The one donation that’s no good for fundraising
Nearly every charity spends a huge amount of time, money and energy trying to find new donors. Donor acquisition is usually the highest cost centre in any fundraising budget.
Yet, research shows us that many of the new donors you work so hard to get will not even reach their 90-day anniversary before they leave you.
As many as three out of five who come through your front door will run out the back door as soon as they get there, without ever having made more than one donation.
When donors leave so fast, it destroys their potential lifetime value – the additional funds, advocacy and volunteering opportunities and referrals to friends and family.
You’ve worked so hard to bring in that first gift from a new supporter. But none of your hard work will matter at all if you don’t work just as hard to retain those donors.
Retention is critical.
Why you need to get that second gift The following graph highlights ‘The Exponential Importance of Second Gift Timing’. It shows the five-year value of a donor based on how quickly an organisation converts a new donor into a second gift donor. This is consistent with Pareto’s Benchmarking reports.
The single gift is not great for fundraising and increases your overall cost of acquisition.
But, new donors that give a second gift within 90 days have a lifetime value nearly twice as high as those who give at the 12-month mark.
Which means that not only is it critical to give your donor a great first-time engagement experience, when they have that experience is critical.
– If a new donor gives you $50 and then makes the same, once-yearly gift for five years, their lifetime value (LTV) will be around $250 (break-even will be between the first and third gift).
– If that same donor converts to a regular giver within the first 12 months and gives you $36 (ave. benchmarking regular gift) every month for five years, their LTV is about $2,160 (without upgrades or additional one-off gifts).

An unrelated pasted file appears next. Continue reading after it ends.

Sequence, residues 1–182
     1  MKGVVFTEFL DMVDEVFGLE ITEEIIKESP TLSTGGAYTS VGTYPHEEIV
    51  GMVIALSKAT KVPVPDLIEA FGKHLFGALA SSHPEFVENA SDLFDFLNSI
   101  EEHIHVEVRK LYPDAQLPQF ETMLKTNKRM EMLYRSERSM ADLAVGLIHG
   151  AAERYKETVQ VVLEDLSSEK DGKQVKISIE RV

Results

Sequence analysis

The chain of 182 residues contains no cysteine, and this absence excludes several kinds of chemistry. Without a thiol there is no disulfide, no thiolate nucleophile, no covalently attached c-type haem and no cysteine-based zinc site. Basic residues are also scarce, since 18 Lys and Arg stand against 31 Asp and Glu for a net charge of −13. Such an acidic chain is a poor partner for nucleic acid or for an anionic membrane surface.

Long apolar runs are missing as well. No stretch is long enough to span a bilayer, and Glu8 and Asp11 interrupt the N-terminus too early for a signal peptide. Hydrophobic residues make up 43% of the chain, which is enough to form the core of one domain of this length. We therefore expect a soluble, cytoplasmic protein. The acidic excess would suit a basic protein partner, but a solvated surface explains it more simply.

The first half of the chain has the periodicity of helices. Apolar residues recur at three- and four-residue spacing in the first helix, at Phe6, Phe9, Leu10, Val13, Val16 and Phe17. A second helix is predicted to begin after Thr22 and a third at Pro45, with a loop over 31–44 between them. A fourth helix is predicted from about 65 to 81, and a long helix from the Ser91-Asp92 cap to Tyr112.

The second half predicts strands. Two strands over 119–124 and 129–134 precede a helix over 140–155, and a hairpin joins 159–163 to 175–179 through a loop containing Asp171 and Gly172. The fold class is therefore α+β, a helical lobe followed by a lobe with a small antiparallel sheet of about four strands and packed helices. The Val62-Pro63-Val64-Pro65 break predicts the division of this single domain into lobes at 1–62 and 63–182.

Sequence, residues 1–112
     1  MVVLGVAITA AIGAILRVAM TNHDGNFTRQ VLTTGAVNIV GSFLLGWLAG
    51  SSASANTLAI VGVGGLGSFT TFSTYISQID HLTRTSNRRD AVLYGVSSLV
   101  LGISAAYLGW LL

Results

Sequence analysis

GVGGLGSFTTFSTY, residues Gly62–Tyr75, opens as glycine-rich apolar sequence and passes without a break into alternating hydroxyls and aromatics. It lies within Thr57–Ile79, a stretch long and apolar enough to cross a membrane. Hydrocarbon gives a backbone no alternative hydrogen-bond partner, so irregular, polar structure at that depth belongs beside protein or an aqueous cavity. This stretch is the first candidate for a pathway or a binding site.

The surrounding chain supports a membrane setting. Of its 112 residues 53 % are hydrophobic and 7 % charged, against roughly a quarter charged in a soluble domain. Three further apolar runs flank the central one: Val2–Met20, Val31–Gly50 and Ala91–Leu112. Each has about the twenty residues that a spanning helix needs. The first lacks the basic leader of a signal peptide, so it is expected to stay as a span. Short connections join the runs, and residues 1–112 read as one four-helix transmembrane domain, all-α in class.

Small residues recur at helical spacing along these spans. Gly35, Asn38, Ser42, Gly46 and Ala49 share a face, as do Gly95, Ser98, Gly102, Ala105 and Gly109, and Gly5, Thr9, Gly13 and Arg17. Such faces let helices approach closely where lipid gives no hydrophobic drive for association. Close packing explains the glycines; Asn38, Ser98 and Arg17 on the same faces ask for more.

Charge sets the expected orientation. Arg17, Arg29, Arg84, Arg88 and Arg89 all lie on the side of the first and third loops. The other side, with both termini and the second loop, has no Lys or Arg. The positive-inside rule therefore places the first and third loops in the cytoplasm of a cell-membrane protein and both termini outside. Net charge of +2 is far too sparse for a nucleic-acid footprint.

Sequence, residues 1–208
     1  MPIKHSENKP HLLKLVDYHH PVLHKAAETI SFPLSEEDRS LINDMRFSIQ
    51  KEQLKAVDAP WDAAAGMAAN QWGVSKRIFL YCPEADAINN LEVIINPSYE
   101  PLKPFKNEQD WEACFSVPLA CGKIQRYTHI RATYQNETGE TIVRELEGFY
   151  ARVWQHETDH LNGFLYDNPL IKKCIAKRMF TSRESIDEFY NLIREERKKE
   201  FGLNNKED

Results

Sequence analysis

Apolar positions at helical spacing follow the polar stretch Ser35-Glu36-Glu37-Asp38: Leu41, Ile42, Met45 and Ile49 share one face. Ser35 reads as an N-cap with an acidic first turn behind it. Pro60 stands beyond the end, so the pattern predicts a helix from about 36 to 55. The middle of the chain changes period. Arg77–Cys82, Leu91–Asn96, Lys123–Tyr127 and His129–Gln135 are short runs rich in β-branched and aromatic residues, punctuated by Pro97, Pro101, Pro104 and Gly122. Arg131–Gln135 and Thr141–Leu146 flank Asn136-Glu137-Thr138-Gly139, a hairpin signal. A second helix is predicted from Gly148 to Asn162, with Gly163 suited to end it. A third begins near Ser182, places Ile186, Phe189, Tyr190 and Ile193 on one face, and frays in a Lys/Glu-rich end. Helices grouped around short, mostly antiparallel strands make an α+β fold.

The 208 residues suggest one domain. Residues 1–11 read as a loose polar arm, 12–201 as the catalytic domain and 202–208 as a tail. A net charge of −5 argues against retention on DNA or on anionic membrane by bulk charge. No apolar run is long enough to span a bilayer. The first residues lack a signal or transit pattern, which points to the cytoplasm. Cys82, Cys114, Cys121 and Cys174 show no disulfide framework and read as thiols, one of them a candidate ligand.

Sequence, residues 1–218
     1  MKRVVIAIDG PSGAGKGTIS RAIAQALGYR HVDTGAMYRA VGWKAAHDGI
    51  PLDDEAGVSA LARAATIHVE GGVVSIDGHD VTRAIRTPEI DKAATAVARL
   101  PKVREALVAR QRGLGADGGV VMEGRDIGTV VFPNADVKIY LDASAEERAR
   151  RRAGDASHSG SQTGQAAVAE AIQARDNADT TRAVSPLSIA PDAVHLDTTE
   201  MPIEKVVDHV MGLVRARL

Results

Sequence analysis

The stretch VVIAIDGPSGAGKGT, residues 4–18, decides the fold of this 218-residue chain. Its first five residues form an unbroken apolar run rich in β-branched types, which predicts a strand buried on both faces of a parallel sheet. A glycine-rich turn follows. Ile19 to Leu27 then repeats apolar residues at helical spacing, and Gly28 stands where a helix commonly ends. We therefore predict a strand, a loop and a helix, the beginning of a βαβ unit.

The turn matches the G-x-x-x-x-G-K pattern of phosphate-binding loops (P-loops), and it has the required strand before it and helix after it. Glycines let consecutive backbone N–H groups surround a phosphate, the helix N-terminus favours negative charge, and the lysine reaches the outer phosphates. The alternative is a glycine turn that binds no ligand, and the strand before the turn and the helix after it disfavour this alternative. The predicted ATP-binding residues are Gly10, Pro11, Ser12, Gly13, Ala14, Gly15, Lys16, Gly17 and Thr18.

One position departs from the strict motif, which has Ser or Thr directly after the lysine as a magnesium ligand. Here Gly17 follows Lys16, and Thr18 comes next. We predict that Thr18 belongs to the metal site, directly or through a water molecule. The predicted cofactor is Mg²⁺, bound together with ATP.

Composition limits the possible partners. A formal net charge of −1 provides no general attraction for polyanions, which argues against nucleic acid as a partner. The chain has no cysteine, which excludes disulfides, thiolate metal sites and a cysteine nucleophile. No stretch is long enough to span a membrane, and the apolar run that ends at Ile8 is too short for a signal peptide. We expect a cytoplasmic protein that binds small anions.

– If that same donor then decides to remember your organisation in her Will, her LTV could blow out to become around $52,000 (ave. bequest according to Pareto Benchmarking) or even more, if you consider the gifts made prior to the bequest being realised.
That’s why taking positive steps to reduce donor losses is the least expensive strategy for increasing fundraising income.
And ultimately, the success of your fundraising program depends upon how successful you are at moving donors up the rungs of the ladder of engagement.
The good news is that it’s not difficult to generate long-term loyalty.
How do you do it? It’s simply about making your donors feel good. Give them great experiences, add value to their lives and provide extraordinary customer service.
Our top 6 tips for a 2nd gift retention plan
1. For acquisition to work effectively you must have a quality retention program in place to support it.
Take an equal amount of time to plan for the retention process as you do for your acquisition strategy itself.
2. The first step in the plan should be to make sure that you get ‘everything right’ for your first-time donor – ease of donation, thanking and welcoming them, reporting back so they know their donation has been used wisely.
3. The retention program has to be relevant to the donor (why they decided to engage with your charity) and not based on what’s easiest for your organisation.
4. It’s about how we make donors feel, not about what we want them to have. Choose the materials and touchpoints that make a donor feel valued and delighted to be supporting your cause.
5. Try to make your retention program multi-channel because donors that are connected to a charity through multiple points give more and have better conversion and retention rates.
6. Although 90-days is critical to acquire that second gift, retention strategies require a long-term view. Investment of time and money needs to be made not only in the first months, but throughout a donor’s time as a supporter.